“You just don’t understand what it’s like to be a pretty girl,” my daughter told me.
Of course, instead of listening to my then 17-year-old, I heard her statement as, “Mom, you are ugly,” (something she has never, ever said,) and I dove immediately into the deep river of negative self-image, completely ignoring the fact that my child was reaching out to me with a genuine concern.
It’s true. I don’t know what it is like to be a “pretty girl.” I’m not complaining. I just realize that my body type is more suited to farm chores and fighting off Viking raiders. I’ve grown to appreciate being physically capable, but as a teen, it sucked.
My daughter, on the other hand, grew up beautiful. I adore her passion for science, her clear, soprano voice, her fearlessness on horseback, and her propensity to bring home any and all wounded or abandoned critters she finds. These traits and more make her stunning to me. But, all mom-fandom aside, she also had the right genetic cocktail to be conventionally lovely.
I thought when she mentioned the stress of being a pretty girl, it was along the lines of the “first world problems” meme. (i.e. I had to store my convertible in the garage all winter.) How could being attractive be stressful?
I did a fair amount of reading, and many articles seem downright hostile towards anyone who mentions physical beauty to be stressful. Several articles on “pretty girl problems” seem to have their roots deep in stereotype without much actual research. To paraphrase, pretty girls act like princesses, have a sense of entitlement, feel superior to their peers, are arrogant, superficial, and use sex to gain advantage over others.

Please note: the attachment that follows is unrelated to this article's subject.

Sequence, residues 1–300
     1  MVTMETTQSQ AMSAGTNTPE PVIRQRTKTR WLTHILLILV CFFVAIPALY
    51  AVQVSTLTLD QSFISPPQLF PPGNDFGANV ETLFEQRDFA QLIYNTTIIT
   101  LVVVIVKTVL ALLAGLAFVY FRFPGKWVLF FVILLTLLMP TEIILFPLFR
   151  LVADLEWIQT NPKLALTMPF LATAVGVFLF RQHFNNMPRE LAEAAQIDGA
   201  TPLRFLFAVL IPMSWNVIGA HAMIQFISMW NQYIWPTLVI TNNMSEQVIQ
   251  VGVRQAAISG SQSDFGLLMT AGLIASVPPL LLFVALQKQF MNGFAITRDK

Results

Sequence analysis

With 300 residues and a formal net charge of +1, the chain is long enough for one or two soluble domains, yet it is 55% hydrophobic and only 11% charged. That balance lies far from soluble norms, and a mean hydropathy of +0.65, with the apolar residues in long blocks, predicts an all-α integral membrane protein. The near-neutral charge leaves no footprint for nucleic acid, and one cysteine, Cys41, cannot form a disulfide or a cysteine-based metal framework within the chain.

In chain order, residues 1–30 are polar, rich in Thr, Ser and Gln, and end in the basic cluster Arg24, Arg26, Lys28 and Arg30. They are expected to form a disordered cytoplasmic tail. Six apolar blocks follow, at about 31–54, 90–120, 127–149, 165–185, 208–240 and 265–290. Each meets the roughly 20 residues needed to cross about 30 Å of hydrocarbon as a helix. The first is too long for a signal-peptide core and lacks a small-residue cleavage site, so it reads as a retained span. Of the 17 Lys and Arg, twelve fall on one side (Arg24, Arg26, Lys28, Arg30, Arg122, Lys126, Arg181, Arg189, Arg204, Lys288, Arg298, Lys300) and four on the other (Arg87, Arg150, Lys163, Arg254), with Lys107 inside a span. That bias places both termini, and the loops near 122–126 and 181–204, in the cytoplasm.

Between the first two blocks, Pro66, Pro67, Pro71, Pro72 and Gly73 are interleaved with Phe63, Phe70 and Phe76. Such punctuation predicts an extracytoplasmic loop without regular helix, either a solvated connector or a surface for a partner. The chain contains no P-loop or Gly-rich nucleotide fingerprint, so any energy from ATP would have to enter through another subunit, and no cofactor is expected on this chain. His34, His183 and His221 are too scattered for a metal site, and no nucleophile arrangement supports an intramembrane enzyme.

I’m not saying that physical beauty is in itself a problem, nor am I denying that it can be advantageous. What I am saying, though, is that we can’t discount the rest of a girl’s personality, including her struggles and challenges, just because she is “pretty.”
In an article in the Huffington Post, clinical psychologist Dr. Barbara Greenberg wrote the following: “It is our responsibility as parents, teachers, therapists and members of the community to teach others that beauty is not a vaccine against life's difficulties. I know that it may seem odd that I am asking that you teach your kids that attractiveness doesn't necessarily give the genetically endowed a head start in every area of life, but this is the truth. It does not. And, in some cases, … attractiveness can make things harder socially for the teen girls.”
I am so sorry that I shut my daughter down on this topic. I had an opportunity for insight, and instead, I opted for self-absorption. I scoffed at my child when she came to me with a serious issue. Had she come to me saying, “I’m ugly,” I would have put everything aside and taken time to convince her of her inner beauty. I wish I had taken the time then, to make the same choice, to discuss with her the radiant beauty I saw daily in her spirit and her mind.